MQTT – The IoT Protocol



Internet of Things

The Internet of Things (IoT) is emerging as the next technology trend, with powerful and remarkable effects across the business spectrum. IoT connects to the Internet, billions of everyday devices, which range from fitness bracelets to industrial equipment. IoT is merging the physical and online worlds and providing new opportunities and challenges for enterprises, companies, governments and consumers. The Internet of Things is predicted to permeate almost every sphere and industry. Data can be collected from, practically, any conceivable source. MQTT (Message Queuing Telemetry Transport)  is a machine-to-machine (M2M)/ ‘Internet of Things’ connectivity protocol. It is designed as an extremely lightweight publish/subscribe messaging transport and is useful for connections with remote locations.

Real Scenario

Recently, I  worked on MQTT based android application. This application is used to initiate/receive alerts on certain scenarios. The alerts are received in the mobile application using MQTT clients, which then influences the received MQTT message and  presents it to the user in desired formats. The same MQTT message is  delivered to other hardware devices which has subscribed to the same topic i.e. the same MQTT message can be received in the mobile application as well as in the hardware device.  Either of them can influence the received data and present them to the client in a desired format. In certain scenarios,  MQTT message has been preferred over GCM in the application mainly because of the delivery assurance that the MQTT protocol offers.

MQTT – The Lightweight IoT Protocol

MQ Telemetry Transport (MQTT), invented by Dr. Andy Stanford-Clark (IBM) and Arlen Nipper (Eurotech) in 1999, is a simple light weight protocol using publish-subscribe messaging protocol. MQTT is designed for high latency, low-bandwidth or unreliable networks.  The design principle  minimizes the network bandwidth and device resource requirements. This also, ensures reliability and delivery assurance to a certain extent. MQTT can also be used in mobile applications.

MQTT is now an OASIS (Organization for the Advancement of Structured Information Standards) Standard and have been implemented across a wide range of industries since the day it was invented.

One of the real-world examples, that you  might have used, is the Facebook Messenger. Facebook has used aspects of MQTT in its messenger.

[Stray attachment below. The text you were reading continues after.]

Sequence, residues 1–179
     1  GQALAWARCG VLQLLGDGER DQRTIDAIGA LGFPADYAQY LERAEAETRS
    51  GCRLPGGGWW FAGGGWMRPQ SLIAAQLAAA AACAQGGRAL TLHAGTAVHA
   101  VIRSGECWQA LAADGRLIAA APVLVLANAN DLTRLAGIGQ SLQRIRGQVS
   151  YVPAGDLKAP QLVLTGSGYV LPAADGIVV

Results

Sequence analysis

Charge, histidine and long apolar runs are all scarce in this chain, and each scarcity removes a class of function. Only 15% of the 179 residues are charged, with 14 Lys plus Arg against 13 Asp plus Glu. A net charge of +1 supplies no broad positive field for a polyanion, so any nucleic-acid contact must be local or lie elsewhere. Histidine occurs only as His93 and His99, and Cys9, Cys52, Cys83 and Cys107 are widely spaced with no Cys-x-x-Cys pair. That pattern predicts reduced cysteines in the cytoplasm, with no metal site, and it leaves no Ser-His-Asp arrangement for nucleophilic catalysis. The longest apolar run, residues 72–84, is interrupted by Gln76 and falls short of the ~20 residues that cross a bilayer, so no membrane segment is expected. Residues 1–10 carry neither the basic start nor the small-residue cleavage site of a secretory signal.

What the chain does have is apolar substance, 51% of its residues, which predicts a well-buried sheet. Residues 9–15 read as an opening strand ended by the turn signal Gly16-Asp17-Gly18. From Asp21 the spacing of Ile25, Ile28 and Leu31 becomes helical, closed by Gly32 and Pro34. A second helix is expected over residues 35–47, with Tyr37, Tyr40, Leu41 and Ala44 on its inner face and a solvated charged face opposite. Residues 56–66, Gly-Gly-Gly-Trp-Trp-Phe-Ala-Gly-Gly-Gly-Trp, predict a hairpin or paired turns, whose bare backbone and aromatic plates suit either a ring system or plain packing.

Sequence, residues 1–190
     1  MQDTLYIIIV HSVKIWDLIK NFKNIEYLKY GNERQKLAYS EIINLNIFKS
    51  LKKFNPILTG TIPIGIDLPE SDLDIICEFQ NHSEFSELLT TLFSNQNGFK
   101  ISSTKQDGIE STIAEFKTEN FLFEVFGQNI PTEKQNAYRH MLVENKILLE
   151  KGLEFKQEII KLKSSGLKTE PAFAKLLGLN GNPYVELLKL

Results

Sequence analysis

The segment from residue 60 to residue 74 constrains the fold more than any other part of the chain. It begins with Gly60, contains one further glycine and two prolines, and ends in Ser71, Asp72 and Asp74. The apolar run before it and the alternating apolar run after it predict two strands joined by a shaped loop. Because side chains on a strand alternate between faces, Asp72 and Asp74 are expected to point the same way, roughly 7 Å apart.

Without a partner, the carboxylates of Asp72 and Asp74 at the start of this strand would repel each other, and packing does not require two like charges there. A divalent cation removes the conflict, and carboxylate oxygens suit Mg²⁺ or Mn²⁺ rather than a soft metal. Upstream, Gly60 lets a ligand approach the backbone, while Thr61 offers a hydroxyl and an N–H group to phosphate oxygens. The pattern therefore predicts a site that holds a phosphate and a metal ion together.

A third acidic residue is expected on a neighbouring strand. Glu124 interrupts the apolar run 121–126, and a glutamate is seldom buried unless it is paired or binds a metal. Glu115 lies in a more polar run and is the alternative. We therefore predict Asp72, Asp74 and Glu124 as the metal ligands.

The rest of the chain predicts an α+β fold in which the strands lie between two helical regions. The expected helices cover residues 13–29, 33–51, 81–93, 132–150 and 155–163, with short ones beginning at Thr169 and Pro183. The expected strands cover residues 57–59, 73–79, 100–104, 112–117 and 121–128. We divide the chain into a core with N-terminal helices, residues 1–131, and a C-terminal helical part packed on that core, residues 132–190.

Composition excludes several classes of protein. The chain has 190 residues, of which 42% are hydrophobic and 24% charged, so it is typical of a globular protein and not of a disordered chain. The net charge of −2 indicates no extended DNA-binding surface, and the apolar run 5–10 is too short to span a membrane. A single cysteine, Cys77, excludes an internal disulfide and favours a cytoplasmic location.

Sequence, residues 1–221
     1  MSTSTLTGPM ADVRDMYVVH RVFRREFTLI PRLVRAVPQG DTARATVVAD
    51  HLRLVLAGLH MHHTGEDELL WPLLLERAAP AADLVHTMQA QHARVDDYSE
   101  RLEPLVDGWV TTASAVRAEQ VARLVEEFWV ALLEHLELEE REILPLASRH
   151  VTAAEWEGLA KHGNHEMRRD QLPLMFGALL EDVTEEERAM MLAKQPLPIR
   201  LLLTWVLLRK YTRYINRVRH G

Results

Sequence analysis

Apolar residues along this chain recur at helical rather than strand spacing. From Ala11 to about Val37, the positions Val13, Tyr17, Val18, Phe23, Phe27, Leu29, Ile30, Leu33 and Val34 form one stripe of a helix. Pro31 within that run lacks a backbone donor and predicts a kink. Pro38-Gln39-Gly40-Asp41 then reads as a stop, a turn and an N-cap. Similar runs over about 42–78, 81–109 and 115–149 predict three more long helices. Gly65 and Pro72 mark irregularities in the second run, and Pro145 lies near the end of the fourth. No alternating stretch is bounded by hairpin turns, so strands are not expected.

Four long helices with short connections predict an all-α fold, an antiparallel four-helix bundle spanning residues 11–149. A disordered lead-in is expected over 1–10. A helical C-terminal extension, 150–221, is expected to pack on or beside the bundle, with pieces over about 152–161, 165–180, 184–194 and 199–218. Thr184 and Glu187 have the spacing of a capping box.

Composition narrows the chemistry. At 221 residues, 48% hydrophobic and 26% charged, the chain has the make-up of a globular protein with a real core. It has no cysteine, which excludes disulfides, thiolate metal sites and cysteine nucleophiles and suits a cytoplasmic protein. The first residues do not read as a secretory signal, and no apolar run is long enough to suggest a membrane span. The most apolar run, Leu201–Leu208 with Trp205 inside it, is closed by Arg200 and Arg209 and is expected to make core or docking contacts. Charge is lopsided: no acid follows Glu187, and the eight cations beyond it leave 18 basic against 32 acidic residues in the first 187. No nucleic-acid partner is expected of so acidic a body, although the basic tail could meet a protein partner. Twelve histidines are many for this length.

How does MQTT work?

For using MQTT protocol, you  need a Client and a Broker.

MQTT Client can be any device, from a micro controller to a fully-fledged server, which runs the MQTT library and is connected to MQTT broker over any network. MQTT client libraries are available across a wide variety of programming language platforms like C, C++, C#, Java, JavaScript, Android, iOS etc.

Please refer to GitHub Libraries for a complete list of client libraries.

MQTT Broker is responsible for receiving all messages, filtering, decision making and sending messages to subscribed clients.

MQTT is based on TCP/IP, hence both client and broker is expected to have TCP/IP stack.

What are the MQTT methods?

MQTT methods are also, referred to as verbs. MQTT defines methods to indicate desired actions to be performed on identified resources. Resources can be files or the outputs of  an executable, found on a server.

Methods in MQTT are:

Connect -Waits for connection to be established with the server.

Disconnect – Waits for the MQTT client to finish any work, which needs to be done  and for the TCP/IP session to disconnect.

Subscribe – Requests the server to let the client subscribe  to one or more topics.

Unsubscribe – Requests the server to let the client unsubscribe  from one or more topics.

Publish Returns immediately to application thread after passing request to the MQTT client.

The Alternatives

There are a number of alternative protocols to MQTT, such as:

  • Advanced Message Queuing Protocol (AMQP)
  • Constrained Application Protocol (CoAP)
  • Extensible Messaging Presence Protocol (XMPP)


MQTT is the protocol built for M2M and IoT which is used to provide new and revolutionary performance.  It opens new areas for messaging use cases for billions of things connected through the Internet. As MQTT specializes in low-bandwidth, high-latency environments, it is considered to be an ideal protocol for machine-to-machine (M2M) communication. The MQTT design makes it appealing for the exponential emerging Internet of Things (IoT) market. Users, who are looking for a very small publish/subscribe protocol, MQTT is the best choice for them.

By Varun C,

IoT Specialist, RapidValue



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